Brexit blow: UK travellers to get passports stamped in EU over lack of technology
Britain’s negotiating time had requested UK nationals be given the right to use EU citizens lane after the transition period ends on January 1. But they were told this would not be possible. This is understood to be because of a lack of technology which means the electronic e-gates used in the Schengen zone does not have the facility to accommodate “third country” nationals.
A source told The Telegraph: “The technology is being developed in the next couple of years and, when it is available, it should be possible for UK nationals to use it – but until then they will have to queue for a stamp in their passports.”
This would involve a physical inspection.
Non-EU nationals from pre-cleared countries including Australia, Japan, South Korea and the US can use e-gates at British airports but this is not possible in the Schengen zone.
The Schengen Zone refers to the area of Europe which does not have any border controls.
22 of the 27 EU member states are within the zone.
Of the remaining five, four – Bulgaria, Croatia, Cyprus and Romania are legally obliged to join in the future.
The fifth, The Republic Of Ireland retains an opt-out.
Four non EU states – Iceland, Liechtenstein, Norway and Switzerland have signed agreements to make them members.
Three non EU microstates – Monaco, San Marino and the Vatican City are de facto part of the bloc.
This is because they have open borders with EU member states.
EU officials have also confirmed a US style visa waiver scheme had been delayed until 2023.
The European Travel Information and Authorisation System will require non-EU nationals from around 60 nations to pay €7 (£6.36) to obtain authorisation to travel to the UK via free.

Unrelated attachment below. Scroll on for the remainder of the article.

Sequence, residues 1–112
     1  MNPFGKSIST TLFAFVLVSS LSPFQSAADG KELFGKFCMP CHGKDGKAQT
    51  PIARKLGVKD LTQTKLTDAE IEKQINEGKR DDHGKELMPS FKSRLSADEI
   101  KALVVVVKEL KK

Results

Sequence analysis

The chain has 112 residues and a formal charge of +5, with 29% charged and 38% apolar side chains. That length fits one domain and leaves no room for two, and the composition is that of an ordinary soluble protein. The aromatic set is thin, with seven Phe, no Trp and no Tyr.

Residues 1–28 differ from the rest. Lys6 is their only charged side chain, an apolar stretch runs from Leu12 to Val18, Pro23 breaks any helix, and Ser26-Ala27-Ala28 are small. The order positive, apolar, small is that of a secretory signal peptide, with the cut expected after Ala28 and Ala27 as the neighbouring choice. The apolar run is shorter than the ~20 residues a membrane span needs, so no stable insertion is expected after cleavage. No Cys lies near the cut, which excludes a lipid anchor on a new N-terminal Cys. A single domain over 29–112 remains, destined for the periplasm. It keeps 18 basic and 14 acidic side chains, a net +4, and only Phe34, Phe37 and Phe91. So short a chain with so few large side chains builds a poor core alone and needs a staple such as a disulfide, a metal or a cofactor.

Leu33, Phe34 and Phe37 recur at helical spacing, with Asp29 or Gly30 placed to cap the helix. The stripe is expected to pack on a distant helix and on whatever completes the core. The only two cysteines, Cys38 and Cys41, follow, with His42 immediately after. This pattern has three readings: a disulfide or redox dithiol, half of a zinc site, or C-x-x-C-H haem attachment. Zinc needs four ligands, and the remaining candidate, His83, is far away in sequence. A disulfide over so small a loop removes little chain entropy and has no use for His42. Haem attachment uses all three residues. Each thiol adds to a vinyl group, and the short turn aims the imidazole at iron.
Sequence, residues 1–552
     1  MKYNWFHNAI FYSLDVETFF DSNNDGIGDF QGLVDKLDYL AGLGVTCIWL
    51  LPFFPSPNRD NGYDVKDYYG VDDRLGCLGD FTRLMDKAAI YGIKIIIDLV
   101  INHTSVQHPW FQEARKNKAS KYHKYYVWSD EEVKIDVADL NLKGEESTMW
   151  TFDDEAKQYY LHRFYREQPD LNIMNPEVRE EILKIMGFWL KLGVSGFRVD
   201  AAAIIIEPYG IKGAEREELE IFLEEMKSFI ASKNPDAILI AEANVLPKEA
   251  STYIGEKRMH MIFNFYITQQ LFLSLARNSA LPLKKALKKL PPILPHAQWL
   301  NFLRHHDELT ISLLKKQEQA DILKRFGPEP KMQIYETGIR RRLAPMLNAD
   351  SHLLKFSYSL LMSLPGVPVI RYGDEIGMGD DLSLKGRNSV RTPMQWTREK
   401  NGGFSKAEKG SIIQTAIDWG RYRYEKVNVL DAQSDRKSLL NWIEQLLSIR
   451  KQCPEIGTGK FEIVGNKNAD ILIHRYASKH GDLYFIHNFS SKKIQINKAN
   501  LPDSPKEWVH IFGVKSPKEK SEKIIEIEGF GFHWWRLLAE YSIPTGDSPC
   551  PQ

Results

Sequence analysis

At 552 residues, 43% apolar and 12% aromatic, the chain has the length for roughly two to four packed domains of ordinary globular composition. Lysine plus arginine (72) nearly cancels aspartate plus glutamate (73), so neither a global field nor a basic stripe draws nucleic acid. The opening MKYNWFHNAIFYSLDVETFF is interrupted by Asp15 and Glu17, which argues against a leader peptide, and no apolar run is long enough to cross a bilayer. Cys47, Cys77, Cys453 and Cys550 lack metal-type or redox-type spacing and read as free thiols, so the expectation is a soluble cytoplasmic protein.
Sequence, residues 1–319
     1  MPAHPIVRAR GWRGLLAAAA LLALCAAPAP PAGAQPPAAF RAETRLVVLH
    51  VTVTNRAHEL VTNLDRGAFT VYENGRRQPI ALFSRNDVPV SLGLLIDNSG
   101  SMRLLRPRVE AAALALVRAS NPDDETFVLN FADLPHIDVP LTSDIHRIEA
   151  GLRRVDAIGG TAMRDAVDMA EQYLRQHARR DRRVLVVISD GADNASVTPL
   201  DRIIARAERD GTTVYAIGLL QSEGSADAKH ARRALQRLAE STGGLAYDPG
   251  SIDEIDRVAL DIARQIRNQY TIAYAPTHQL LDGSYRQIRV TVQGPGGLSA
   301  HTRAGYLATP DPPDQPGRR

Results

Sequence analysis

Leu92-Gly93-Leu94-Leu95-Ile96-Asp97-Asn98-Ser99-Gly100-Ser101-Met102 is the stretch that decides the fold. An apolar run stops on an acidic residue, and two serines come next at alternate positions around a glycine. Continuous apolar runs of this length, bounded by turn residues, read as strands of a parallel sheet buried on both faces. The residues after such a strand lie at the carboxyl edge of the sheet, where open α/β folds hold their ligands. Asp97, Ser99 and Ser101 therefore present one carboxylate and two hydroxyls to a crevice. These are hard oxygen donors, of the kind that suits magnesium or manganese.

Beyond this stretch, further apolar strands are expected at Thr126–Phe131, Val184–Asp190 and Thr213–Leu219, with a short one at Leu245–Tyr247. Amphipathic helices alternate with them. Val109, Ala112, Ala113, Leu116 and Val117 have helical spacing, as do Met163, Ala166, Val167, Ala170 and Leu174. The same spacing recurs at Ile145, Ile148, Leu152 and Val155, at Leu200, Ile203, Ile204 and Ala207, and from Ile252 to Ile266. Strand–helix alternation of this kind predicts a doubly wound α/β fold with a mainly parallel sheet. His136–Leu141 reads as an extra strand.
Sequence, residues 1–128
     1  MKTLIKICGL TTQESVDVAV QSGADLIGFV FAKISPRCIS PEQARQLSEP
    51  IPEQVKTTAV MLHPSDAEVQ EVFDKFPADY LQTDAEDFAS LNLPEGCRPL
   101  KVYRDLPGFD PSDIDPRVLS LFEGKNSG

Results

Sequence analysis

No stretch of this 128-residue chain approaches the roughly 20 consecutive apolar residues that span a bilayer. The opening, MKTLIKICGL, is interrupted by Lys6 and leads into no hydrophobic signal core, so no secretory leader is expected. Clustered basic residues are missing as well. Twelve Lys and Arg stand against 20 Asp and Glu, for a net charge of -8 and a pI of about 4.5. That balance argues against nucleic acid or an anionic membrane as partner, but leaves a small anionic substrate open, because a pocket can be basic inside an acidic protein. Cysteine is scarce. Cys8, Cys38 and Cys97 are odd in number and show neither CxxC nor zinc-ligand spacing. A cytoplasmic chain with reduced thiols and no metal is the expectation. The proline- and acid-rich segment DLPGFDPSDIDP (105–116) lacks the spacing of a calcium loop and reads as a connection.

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The UK was expected to be one of those countries with the plan rolled out by the end of 2021 with full implementation by the end of 2022.
The UK Government have said visa-free travel to EU countries, Iceland, Liechtenstein, Norway and Switzerland for up to 90 days in an 180 day period will still be possible after January 1.
Longer stays or business holidays may require visas, with the Government warning that travellers should check professional qualifications are recognised.
Travellers may also have to show a “return or onward ticket” and prove they have enough money to stay.
The guarantee of free mobile roaming charges is expected to end.
Britain has until the end of the year to negotiate a free trade agreement and future relationship with Brussels.
For an extension to happen, it must be agreed and ratified by both sides before July 1.
Boris Johnson has introduced legislation preventing Britain from extending.
In the transition period, EU rules will continue to apply.
Britain officially left the EU on January 31 this year.
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